By LOUISE THOMASON
THERE was good news for the fishing industry this week with an agreement on future cod quotas.
After lengthy talks in Oslo, on Wednesday the EU and Norway decided on an increase of 30 per cent in cod quota for 2009, something the Scottish fishing industry had been hoping for to allow for a reduction in discards.
Discards had been the main focus of the meeting and the sensitive nature of this had meant the talks were drawn out longer than usual.
Shetland Fishermen’s Federation chief executive Hansen Black, who was in Oslo at the meeting, said: “From a cod point of view [the news] is very welcome. There’s been a lot more cod on the ground in the last few years which has been at odds with the scientists and managers.”
However he had concerns about how the deal would impact on fishermen in real terms. “Clearly there are worries in how management will deal with the fleet.”
Scottish Fishermen’s Association chief executive Bertie Armstrong welcomed the news, although he admitted the agreement would not be without difficulties.
He said: “In particular there are limits on the speed of uptake of the cod quota which, if reached, will have effects across the whole Scottish fleet fishing in the North Sea. These new management measures will bring big challenges to which we must rise to in 2009.”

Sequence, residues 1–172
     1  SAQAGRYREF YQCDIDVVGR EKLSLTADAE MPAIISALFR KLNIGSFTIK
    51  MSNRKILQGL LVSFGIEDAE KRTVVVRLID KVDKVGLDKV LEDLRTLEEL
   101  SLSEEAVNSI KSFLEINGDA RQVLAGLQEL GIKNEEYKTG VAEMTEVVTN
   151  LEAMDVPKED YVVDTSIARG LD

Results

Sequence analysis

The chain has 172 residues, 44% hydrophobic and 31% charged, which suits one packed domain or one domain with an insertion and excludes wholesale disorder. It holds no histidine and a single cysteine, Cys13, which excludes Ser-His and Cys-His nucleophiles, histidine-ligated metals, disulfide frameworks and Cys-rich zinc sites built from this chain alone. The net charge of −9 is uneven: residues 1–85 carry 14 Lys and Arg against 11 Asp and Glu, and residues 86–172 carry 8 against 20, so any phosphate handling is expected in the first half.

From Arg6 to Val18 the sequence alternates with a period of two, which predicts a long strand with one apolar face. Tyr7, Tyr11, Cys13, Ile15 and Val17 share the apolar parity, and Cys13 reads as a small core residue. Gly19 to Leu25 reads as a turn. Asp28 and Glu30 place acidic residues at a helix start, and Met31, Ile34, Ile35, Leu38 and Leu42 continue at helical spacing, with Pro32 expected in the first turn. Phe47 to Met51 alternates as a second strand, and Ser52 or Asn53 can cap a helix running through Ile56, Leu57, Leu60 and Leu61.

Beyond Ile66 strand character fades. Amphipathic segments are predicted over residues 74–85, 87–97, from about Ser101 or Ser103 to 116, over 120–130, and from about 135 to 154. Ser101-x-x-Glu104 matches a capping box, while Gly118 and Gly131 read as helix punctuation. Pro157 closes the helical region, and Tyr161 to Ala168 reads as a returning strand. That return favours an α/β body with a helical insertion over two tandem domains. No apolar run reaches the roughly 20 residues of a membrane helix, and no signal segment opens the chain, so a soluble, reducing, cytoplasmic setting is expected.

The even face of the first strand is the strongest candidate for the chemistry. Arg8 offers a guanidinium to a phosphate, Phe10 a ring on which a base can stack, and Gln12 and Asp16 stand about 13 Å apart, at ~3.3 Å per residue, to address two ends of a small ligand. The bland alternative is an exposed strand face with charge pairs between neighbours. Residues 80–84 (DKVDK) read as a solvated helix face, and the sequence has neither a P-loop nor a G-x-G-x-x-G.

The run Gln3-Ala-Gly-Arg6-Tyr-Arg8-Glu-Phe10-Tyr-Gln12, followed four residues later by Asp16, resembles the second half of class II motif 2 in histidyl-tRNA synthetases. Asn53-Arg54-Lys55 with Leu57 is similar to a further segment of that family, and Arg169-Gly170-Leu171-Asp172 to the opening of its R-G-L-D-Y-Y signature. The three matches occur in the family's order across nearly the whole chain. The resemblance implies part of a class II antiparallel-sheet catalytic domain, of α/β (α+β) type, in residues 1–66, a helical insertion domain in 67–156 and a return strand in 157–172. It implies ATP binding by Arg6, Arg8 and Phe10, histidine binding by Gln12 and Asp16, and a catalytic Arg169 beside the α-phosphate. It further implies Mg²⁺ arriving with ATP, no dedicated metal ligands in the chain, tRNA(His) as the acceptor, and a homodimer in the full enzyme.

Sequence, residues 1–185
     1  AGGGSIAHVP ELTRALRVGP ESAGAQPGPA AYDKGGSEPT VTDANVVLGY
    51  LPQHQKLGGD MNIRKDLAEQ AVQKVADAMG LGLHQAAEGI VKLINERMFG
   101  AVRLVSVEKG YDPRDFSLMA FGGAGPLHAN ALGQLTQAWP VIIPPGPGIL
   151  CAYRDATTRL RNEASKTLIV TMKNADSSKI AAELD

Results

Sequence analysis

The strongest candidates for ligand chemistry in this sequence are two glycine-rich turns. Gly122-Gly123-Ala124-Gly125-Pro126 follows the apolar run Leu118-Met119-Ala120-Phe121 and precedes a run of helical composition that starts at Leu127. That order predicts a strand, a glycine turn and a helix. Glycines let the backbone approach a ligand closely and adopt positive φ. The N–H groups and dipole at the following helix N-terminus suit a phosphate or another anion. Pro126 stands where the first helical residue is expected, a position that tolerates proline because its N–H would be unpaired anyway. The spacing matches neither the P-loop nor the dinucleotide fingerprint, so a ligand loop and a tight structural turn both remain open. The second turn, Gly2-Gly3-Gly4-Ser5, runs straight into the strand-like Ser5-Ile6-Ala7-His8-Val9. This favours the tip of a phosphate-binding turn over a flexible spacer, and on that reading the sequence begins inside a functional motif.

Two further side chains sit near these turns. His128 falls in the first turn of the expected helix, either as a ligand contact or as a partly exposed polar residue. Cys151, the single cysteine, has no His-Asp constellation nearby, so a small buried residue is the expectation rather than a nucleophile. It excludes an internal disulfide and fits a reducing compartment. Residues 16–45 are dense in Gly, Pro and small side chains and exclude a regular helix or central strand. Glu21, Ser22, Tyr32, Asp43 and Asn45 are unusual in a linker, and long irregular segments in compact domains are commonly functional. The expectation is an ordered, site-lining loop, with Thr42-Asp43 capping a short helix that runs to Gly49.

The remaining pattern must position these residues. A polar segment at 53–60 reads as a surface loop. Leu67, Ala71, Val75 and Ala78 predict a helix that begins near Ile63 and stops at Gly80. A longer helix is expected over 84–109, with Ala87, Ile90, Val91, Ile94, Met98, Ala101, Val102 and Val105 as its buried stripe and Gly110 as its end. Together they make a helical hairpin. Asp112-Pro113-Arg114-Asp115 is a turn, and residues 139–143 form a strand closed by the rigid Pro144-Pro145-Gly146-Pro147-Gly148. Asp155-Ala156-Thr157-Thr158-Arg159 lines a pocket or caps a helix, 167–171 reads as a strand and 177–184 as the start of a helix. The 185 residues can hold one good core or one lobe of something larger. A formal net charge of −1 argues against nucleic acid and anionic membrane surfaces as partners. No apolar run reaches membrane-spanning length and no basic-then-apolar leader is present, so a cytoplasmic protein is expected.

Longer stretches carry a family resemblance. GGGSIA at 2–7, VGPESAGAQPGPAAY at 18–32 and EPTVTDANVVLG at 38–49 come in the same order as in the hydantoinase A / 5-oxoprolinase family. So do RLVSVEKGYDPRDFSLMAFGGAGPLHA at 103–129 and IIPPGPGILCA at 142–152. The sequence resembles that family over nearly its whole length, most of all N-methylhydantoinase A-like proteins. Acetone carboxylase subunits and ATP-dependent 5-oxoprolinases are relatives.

However he was confident that Scotland’s work so far in attempting to reduce discards would hold Scottish fishermen in good stead for the challenges to come. Scottish Whitefish Association executive chairman Mike Park agreed, and said the industry would be glad to see their efforts in tackling the issue of discards have paid off.
He said: “The increase is also tied to measures to reduce mortality contained within the recently signed Cod Recovery Plan.”
As well as an increase in the cod quota, the deal has resulted in reductions in the total allowable catch (TAC) of North Sea herring by nine per cent and an 11 and 15 per cent quota reduction for haddock and North Sea whiting respectively.
Norway will impose minimum catch sizes to help protect juvenile cod and a ban on all high-grading – the practice of dumping lower priced but still marketable fish.
And while Scottish vessels will be obligated to prove through documentation to the Norwegian authorities that they have enough quota to fish in Norwegian waters, there will also be measures introduced to assist them in making the quota last all year.
Fisheries minister Richard Lochhead said the agreement signalled a “golden opportunity” for the industry.
“The 30 per cent increase in cod quota is a fair reward for our fishermen who have already adopted trail blazing conservation measures and have now signed up to do more. Our ‘catch less, land more’ policy has been vindicated.”
“The Scottish government and industry working together have delivered a very good deal for our fishermen, fisheries conservation and consumers.”
Further decisions will be made at the EU Fisheries Council next week, where Scottish fishermen will be looking for a decision on the West Coast fisheries.